Pako & Frederik - Not Quite Kribjekstisch
Author: Aaron Roach
Thursday, 10 May 2007
Pako & Frederik have now been together for more than a decade and are one of the most globally recognised duos in dance music. Maintaining a high and consistent level over that time is never easy, but the boys put it down to one thing, saying "It's as easy as doing a Volendammer clog dance. As soon as you like doing what you do, all is easy."
While Australia is still waiting for the Volendammer craze to sweep our shores, the boys have been busy tying up a new record for the GU imprint. While the debut was a somewhat-straightforward approach comprising dancefloor-friendly music, this time, they are trying to push the sounds in a new direction, even if it means omitting some songs from the disc. More than anything, it's about understanding what tracks work and ensuring the message gets across to not only to the listener, but also themselves.
"We had some weird ideas that were not suited for vinyl or 12", which makes them ideal for an album in a way. Some ideas were way too stupid and had to be ditched because we didn't ... understand the idea behind them. When we listen to what we made for the upcoming album, we sometimes understand it, which is sufficient.
"It will have a strange collection of music on it, some with a Dada approach which makes for interesting listening, some with no bigger ideas behind them, other than 'It's just tunes, mate'."
Electronic music albums never do big numbers, a disappointing reality due to the sub-mainstream nature of the sound. Compounding this is the fact that mixed compilations are inevitably more popular, as most feature the best records from each genre. Pako & Frederik's debut, 'Atlantic Breakers', was not only a must-have album, but also a major foot forward for Global Underground separating from their revered mixed compilation series. However, since the inital artist album release, things have somewhat slowed down, re-inforcing the notion that the dance music world is yet to embrace the non-mixed culture. The duo explain.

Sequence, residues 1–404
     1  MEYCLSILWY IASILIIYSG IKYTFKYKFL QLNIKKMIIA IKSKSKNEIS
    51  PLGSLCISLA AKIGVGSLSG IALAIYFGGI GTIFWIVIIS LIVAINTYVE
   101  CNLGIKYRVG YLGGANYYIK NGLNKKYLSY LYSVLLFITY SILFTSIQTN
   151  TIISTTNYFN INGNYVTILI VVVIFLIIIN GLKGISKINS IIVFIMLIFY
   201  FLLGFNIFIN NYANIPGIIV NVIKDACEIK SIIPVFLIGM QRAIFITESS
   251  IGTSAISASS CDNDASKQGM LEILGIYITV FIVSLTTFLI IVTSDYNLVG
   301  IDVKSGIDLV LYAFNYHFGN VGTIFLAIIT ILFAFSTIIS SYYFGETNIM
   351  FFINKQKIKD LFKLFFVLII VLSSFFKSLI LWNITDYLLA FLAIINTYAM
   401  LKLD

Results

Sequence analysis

"The concept of having an artist album as a DJ/producer is still so 'young', that it's hard to tell if anything is suffering at all. In general, dance music never had a big 'album-culture'. The disco era, for example, left us tons of great singles by various anonymous DJs, but not a lot of albums worth mentioning.
"It's too bad that producers who are into electronica didn't embrace the artist album a few decades earlier. It will make them think differently about electronica, perhaps just because they're not restricted to the 125BPM club tempo a 12" requires."
However, they see it in a positive manner, suggesting that, "One can be quite happy releasing just 12-inches for decades, which is almost unthinkable for traditional pop bands. For them, an albm is the first thing.
"It's clear that a general acceptance of dance music can only help the sales of artist albums and vice versa. Maybe compilations even helped us bridge the gap between releasing 12-inches and releasing an artist album."
The experience of releasing an artist album and a multitude of singles, remixes and compilations, Pako & Frederik are in a position to understand what is going to work for budding punters, and last year formed the Sitrep label to not only release music under different guises, but also encourage new talent, including new whiz-kid, TC Maniak. For them, it's important to promote the new wave.
"It's nice to release stuff which has a different approach and feel, also to work with people with a different perspective. In TC's case, a rather 'peculiar' perspective. The Tags